Dirk Puehl’s Today’s Memory
Robert Blum’s execution
Originally shared by Dirk Puehl
9 November 1848 #onthisday on the Brigittenau in Vienna, the publicist, revolutionist and member of the National Assembly Robert Blum was executed by firing squad.
A couple of years after his summary execution, the expression “erschossen wie Robert Blum”, shot like Robert Blum, began to spread into German common parlance, denominating a state of complete exhaustion or losing at Skat, a popular meaning- and identity establishing German trick-taking card game or, generally speaking, of being in the soup. The rest of Blum’s life, his role during the Revolution of 1848, his revolutionary achievements and his death that was received as an outrage back then, had been more or less forgotten. Blum had been replaced by other icons of the failed uprising. For a while, though, he was a guiding figure of the young labour movement in the years after 1848, there was a Blum biography by the founder of the Spartacist League and later the Communist Party of Germany, Karl Liebknecht, who had declared the formation of a Freie Sozialistische Republik (Free Socialist Republic) in Berlin two hours after Philipp Scheidemann had proclaimed the Weimar Republic exactly 71 years after Blum’s execution. But, usually, the Communists dismissed Blum as far too moderate while the Conservatives perceived him as just another rioter.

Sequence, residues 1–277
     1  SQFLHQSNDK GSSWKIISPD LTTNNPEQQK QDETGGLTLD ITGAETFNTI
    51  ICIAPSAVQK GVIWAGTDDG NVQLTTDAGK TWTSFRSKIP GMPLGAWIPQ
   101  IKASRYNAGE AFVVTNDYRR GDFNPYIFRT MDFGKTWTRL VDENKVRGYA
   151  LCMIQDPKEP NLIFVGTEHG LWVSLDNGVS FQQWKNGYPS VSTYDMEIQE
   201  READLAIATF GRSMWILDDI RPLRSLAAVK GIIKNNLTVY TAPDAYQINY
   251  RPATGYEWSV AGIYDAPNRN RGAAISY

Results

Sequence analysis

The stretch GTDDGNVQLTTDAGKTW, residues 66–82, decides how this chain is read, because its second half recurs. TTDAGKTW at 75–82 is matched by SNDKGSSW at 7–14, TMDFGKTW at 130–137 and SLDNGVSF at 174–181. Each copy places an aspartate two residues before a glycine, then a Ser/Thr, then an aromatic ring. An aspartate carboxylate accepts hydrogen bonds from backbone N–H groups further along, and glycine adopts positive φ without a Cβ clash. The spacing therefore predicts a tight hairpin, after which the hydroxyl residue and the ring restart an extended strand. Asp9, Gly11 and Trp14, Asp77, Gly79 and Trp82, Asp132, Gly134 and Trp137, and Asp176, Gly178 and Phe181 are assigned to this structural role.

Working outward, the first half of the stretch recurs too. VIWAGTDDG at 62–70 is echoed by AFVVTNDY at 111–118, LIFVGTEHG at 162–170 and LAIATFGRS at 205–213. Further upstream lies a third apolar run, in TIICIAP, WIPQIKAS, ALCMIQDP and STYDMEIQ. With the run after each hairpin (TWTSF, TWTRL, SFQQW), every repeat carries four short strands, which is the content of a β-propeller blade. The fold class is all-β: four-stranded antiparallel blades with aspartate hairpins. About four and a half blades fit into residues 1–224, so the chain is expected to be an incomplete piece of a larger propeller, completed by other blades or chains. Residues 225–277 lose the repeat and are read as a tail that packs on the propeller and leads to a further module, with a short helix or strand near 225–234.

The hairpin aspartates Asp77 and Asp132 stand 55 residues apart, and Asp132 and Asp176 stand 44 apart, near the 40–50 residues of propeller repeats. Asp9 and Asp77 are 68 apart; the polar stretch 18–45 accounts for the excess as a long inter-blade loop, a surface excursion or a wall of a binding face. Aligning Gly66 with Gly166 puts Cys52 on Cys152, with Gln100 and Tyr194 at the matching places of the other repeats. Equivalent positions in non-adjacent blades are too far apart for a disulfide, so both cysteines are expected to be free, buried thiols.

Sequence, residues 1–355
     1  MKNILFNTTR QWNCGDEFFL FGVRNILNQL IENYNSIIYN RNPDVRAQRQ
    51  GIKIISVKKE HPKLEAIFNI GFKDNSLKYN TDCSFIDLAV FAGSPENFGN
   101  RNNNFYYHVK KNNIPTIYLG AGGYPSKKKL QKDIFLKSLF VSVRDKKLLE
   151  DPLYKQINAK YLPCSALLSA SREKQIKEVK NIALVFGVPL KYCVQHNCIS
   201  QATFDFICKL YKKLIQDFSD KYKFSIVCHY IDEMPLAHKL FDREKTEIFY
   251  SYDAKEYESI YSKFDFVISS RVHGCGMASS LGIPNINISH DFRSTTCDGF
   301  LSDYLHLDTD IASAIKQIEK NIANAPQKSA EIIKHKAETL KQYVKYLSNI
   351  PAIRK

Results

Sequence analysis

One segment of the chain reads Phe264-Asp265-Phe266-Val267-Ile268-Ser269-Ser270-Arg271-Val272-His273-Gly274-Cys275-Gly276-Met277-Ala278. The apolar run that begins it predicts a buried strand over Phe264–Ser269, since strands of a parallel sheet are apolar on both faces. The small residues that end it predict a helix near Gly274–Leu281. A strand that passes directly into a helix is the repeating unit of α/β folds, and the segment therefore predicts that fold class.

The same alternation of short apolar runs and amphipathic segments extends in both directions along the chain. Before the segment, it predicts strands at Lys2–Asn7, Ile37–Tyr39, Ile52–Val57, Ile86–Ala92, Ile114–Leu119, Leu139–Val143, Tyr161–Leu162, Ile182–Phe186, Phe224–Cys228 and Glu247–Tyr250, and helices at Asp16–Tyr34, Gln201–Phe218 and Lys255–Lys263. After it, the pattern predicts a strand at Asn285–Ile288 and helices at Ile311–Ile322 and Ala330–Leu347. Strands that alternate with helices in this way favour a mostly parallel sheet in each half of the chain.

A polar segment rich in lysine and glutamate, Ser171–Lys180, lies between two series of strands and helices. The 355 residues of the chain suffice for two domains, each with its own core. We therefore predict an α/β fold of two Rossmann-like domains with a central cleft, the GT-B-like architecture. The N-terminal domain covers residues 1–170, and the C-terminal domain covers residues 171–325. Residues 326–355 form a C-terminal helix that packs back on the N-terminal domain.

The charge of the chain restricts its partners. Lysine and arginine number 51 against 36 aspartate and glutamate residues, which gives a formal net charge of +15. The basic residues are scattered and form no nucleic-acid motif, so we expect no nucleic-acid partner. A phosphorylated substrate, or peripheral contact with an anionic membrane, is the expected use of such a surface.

But read more on:
Depicted below is “Robert Blums Hinrichtung” (1849), Robert Blum’s execution, as imagined by the German painter Carl Steffeck (1818 – 1890)
#culturalhistory #europeanhistory #history #socialhistory